En EspaŅol

Q. Who is Mr. Smarty Plants?

A: There are those who suspect Wildflower Center volunteers are the culpable and capable culprits. Yet, others think staff members play some, albeit small, role. You can torture us with your plant questions, but we will never reveal the Green Guru's secret identity.

Help us grow by giving to the Plant Database Fund or by becoming a member

Did you know you can access the Native Plant Information Network with your web-enabled smartphone?


Ask Mr. Smarty Plants

Ask Mr. Smarty Plants is a free service provided by the staff and volunteers at the Lady Bird Johnson Wildflower Center.

Search Smarty Plants
See a list of all Smarty Plants questions
Can't find the answer in our existing FAQs, submit a question to Mr. Smarty Plants.
Need help with plant identification, visit the plant identification page.
rate this answer
Not Yet Rated

Friday - April 04, 2014

From: Burton, TX
Region: Southwest
Topic: Plant Identification
Title: Vine with wine-colored flowers in Washington County, TX
Answered by: Joe Marcus


I'm trying to identify a deep purple wine colored flowering vine in Washington County, Texas. It looks very similar to Texas wisteria, but it is something else. I've seen them growing in vineyards at the ends of rows of the grape plants.


It is usually very difficult to identify plants based on short, written descriptions.  This identification is no exception.  A couple of native possibilities that come to mind are Wisteria frutescens and Clematis pitcheri.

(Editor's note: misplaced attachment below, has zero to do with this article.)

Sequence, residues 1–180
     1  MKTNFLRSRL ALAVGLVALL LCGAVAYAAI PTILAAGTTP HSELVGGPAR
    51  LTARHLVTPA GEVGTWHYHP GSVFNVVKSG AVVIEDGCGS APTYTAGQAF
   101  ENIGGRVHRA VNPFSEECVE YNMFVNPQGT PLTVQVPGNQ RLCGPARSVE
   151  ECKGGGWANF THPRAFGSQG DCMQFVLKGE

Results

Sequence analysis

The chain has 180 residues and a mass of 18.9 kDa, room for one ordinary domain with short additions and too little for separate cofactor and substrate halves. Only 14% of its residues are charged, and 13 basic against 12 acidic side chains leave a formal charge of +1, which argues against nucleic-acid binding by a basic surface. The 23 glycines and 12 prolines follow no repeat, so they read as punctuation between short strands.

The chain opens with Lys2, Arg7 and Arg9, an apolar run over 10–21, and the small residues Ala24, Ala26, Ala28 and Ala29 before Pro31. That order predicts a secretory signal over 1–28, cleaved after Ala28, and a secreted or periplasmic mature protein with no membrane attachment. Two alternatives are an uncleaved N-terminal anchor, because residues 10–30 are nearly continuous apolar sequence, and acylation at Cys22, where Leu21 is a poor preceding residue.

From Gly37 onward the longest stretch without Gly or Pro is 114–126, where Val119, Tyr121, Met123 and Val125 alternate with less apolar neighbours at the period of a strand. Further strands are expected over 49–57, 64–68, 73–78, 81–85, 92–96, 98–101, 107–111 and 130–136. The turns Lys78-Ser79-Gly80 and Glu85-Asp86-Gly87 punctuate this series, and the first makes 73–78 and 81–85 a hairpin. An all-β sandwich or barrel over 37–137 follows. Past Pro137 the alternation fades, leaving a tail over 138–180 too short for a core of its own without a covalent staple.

If neither of these species are your mystery plant, you might try doing a combination search in the NPIN Plants Database.  Select Texas in the "Select State or Province" box and select Vine in the "Habit (general appearance)" box.  Then click on the "Submit combination Search" button.  The search will yield about 162 possibilities, but you can scroll through them fairly quickly and perhaps find the ID you seek.

If you don't find the plant you're looking for there, your mystery plant is likely a non-native species.  In that case, we recommend sending a plant ID request to the UBC Forums for potential identification.


From the Image Gallery

American wisteria
Wisteria frutescens

Purple clematis
Clematis pitcheri

More Plant Identification Questions

Plant Identification
June 03, 2009 - We have a new vine growing on our fence. It eventually gets red balls (about 1" in dia) that are filled with small white seeds. Before the balls turn red, they are covered with a fine, thin fern (f...
view the full question and answer

Identification of a shrub in San Marcos, TX
May 20, 2013 - On a walk in Austin's Barton Creek greenbelt, a Treefolks volunteer identified a shrub that I also have on my property in San Marcos as blue candalia. However I can't find a plant by that name via w...
view the full question and answer

Identification of old plant called pinks
February 28, 2008 - For years my mother had a pretty pink flower in her yard. It was in a little cluster of green leaf like bush. She just called them pinks. They would close in the sun and open in the morning or afte...
view the full question and answer

Looking for rattlesnake flower
April 22, 2008 - I taught school for many years. The students and I identified wildflowers. I had one I call Rattlesnake Flower. It was small and had a little blue flower. On the leaves were little seed cases that...
view the full question and answer

Differences between Ratibida columnifera and Ratibida peduncularis
June 03, 2010 - How do you tell the difference between Ratibida columnifera and Ratibida peduncularis. On NPIN columnifera has red and penduncularis is solid yellow, but I have seen pictures listed as columnifera tha...
view the full question and answer

Support the Wildflower Center by Donating Online or Becoming a Member today.
© 2015 Lady Bird Johnson Wildflower Center